Meg Jaquay, the vice-president of the American Chamber of Commerce, Uganda, in a recent interview, said that increasing use of non-organic crops, coupled with low quality agricultural products and poor packaging are partly responsible for the country’s failure to fully benefit from the African Growth and Opportunity Act (AGOA) initiative.
In May 2000, along with other African countries such as Kenya and Tanzania, Uganda sent over 6,500 products including agricultural animal products to enter the US tax and quota free.
While Kenya exported goods worth $389.5m (about sh1 trillion) to the US in 2012 and Tanzania $114m (about sh314.4b), Uganda only exported goods worth $34.5m (about sh95.1b).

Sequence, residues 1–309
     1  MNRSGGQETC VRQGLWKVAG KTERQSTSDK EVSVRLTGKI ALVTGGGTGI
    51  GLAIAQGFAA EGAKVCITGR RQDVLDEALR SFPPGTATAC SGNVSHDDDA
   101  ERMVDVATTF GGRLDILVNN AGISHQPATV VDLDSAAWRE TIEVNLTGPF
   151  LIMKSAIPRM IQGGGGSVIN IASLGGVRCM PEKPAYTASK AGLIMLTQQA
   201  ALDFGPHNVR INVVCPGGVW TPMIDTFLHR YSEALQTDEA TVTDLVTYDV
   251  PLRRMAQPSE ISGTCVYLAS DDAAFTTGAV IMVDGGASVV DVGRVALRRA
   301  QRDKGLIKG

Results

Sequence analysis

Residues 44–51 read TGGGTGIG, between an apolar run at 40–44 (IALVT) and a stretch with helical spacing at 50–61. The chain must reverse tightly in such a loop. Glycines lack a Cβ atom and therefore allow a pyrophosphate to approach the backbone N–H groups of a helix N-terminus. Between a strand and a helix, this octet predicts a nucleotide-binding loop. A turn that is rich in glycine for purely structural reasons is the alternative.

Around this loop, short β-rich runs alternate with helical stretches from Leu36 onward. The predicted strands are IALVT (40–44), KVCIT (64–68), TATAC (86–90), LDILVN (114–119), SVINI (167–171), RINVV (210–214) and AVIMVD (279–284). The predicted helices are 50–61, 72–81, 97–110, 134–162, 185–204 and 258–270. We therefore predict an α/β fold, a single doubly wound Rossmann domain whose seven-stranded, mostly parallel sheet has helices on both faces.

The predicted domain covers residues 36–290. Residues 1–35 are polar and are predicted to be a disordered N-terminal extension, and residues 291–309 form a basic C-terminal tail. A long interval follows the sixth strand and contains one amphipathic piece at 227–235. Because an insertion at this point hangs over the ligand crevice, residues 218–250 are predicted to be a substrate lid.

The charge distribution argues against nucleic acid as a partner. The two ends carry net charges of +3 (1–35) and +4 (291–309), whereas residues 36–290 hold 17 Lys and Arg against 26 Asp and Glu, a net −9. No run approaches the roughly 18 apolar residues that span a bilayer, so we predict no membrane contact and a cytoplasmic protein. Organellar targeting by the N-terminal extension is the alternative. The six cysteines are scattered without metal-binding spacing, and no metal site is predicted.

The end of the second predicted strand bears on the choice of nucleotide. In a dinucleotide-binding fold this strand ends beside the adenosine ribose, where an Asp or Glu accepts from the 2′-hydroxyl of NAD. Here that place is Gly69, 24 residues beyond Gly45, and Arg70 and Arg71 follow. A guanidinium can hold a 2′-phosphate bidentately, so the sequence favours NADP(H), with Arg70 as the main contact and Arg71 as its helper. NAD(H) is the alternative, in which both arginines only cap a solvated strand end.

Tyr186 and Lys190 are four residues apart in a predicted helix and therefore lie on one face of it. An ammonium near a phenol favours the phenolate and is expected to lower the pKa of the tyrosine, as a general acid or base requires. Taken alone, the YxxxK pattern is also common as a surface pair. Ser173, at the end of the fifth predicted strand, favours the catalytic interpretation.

In 2013, Uganda’s exports to the US were estimated at $47m (about sh129.6b), up from $34.8m (about sh95.7b) in 2003. US exports to Uganda on the other hand were $125m (about sh344.7b) during the year.
Business analysts said unlike Kenya or Tanzania, Uganda failed to establish an AGOA strategy to mobilise and guide those producing goods through the initiative. Kenya is an industrialised nation, while Uganda’s comparative advantage lies in agriculture, especially organics.
It is estimated that Uganda has over 400,000 internationally certified organic farmers, growing cotton, coffee, sesame, as well as fruits such as pineapples, bananas, mangoes, jack-fruit, apple, passion fruits and avocado. The products are exported to Europe, USA and Asia, among other countries.
By 2013, Uganda had around 350,000 hectares of land under organic farming covering more than 2% of agricultural land.